Back in 1987 I started a mentor program called Bad Boy Studios. This was before P. Diddy. In fact, I had another division called Bad Boy Entertainment. My program started in a school in Harlem New York called The Children’s Art Carnival. I was running a after school and Saturday arts program there and soon realized that the students needed a bit more attention than the few hours at the school. So I invited a few students to my home studio on Thursday nights. Those few students soon became the entire class from the carnival. The program became so huge in fact that at one point we were having classes at DC Comics and The Pratt Institute as well as The School Of Visual Arts (SVA). The core of the class was still taking place in my studio.
I did not teach the students art so much as life skills. Bad Boy Studios was about learning how to be a professional above all else. The student’s only textbooks were Emily Post’s guide to etiquette and they had to subscribe to a business magazine. That may not seem like a big deal, but to a starving art student plunking down $40 bucks for a book on manners is a real big deal. The point was not only to get them to read the book so they knew how to act in a social or business situation but to also see their level of commitment.
That level of commitment was very important. As the program grew I was approached by more than one corporation offering me funding. I have never taken any money for my program: if I do, then it’s not my program. I also never charged a fee. That was for two reasons – the first reason is it’s a mentor program. No real mentor takes money to do the right thing. The second reason is there is no reason I can’t kick your butt out if you don’t pull your weight. Over the years Bad Boy Studios has seen it’s share of superstars come through the program. Among them, John Paul Leon, Bernard Chang, Adam Pollina, Kevin McCarthy, Ali Morales (DC Comics first Latina editor) Walter McDaniel, Steve Harris, Chris Sotomayor, Jason Medley, Shawn Martinbrough and Brett Lewis.
If you are a Bad Boy alum reading this and I did not mention you, sorry, but space does not allow me the luxury of listing the zillion others who came through the “class.”
The “class,” as we called it, was more than a meeting place where artist and writers came in every week to show off their work. It was really a family. Like any other family we did not always get along in fact there were some real knock down drag out moments, like the time at SVA where a desk was turned over in a fit of anger. That was an extreme moment but on the flip side we had a lot of fun also, like the time I had super Walter Simonson fan Chris Sotomayor answer the door to my loft in his bare feet. Standing there was Walter Simonson! Chris who did not know Walt was coming to the class that day to lecture, handled the situation like a pro: he slammed the door on Walt and went to hide in the closet. Yes, this is what one of the best (if not the best) colorist working in the industry today did to his idol!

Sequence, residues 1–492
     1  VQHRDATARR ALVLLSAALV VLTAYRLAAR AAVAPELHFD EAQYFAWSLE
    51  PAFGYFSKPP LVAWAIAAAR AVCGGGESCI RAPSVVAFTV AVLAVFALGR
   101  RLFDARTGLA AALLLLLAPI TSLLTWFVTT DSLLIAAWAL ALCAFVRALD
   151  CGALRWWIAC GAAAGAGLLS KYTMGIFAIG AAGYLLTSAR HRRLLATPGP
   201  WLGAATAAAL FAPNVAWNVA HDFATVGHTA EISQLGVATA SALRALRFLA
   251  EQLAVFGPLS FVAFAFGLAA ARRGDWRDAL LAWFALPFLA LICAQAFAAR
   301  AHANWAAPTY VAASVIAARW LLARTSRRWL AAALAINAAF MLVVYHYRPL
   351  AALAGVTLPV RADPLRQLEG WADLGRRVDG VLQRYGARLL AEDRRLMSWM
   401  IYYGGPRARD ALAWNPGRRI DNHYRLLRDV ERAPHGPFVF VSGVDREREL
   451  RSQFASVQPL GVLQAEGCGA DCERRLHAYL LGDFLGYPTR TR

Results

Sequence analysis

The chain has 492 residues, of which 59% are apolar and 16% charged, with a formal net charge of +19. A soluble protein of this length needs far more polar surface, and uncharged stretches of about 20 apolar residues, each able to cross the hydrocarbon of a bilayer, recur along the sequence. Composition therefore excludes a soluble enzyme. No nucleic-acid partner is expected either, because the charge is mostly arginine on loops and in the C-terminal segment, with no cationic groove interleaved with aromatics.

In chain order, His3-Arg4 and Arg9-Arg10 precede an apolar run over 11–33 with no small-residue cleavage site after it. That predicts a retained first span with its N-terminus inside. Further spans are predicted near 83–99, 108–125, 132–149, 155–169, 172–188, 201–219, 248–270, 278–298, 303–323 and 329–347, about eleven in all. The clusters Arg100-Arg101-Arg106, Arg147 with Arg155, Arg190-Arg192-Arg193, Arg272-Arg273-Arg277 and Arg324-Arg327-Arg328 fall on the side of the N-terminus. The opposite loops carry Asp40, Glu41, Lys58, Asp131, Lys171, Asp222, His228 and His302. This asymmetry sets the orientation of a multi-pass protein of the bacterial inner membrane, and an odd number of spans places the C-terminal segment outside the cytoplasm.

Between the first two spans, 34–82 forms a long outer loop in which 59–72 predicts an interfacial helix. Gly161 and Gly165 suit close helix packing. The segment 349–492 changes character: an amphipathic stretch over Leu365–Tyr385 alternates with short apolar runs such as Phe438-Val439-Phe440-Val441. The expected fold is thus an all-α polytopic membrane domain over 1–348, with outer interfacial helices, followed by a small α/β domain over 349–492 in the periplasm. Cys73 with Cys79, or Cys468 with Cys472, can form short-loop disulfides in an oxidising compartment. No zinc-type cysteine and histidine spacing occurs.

Another fond memory I have of Chris is when he confronted two gang members who were about to rob me in San Diego years ago. I had a bunch of Bad Boy alum come to Comic Con to work the Milestone booth. We went to a seedy place to have lunch when I stepped out of the restaurant for some reason I don’t recall. These two guys were right about to roll up on me when Chris showed up at my side and they thought better of it.
Now that’s family.
Over the years some of the biggest names in comics and illustration have come and shared their experiences with my students. Chris Claremont heard about Bad Boy Studios and asked me if I knew someone who would make a good assistant. I did and Ali Morales went to work for Chris. Now that was her dream job! I’m sure Chris spent many an hour with Ali talking to her about the industry as her mentor. How am I sure? I’m sure because everyone in the class became a bit tied of Ali’s constant “Chris said this.” I remember once just saying to Ali, “Yeah Chris is all that, but he also killed Jean Grey!” That shut her up.
The great thing about mentoring is you get to see these young people grow and in turn you get to learn from them. I have had more than one conversation with Kevin in which his suggestions have been right on.
There are bound to be a few people who have a problem with mentoring. They may think it’s too much trouble or that they don’t want to share their knowledge with some young whipper snapper who will use that knowledge to take their job. Well if that’s your worry, maybe you should rise your game buddy.
I can tell you from experience that the kids out there who want to learn will return the favor ten fold when their time comes. And believe me their time is coming rather you help or not. The creators coming up today are some of the best talent this industry has ever seen and we owe it to them to be of help like the guys who helped us. I know I would be dead or in jail if not for my mother and my cousin who mentored me.
So where are the mentors out there? I would really like to hear from those who are doing it. If you are considering doing it-then by all means do! It’s the greatest feeling in the world to help someone who wants your help.
Got to go. There’s a knock on my door. Hey Chris, get that, will you?
Michael Davis is a comics creator and the founder of the Guardian Line series of comics as well as being a television producer and writer. He was a co-founder of Milestone Comics and his artwork has appeared in Wasteland, Green Arrow: Shado, Green Hornet and The Question, among others.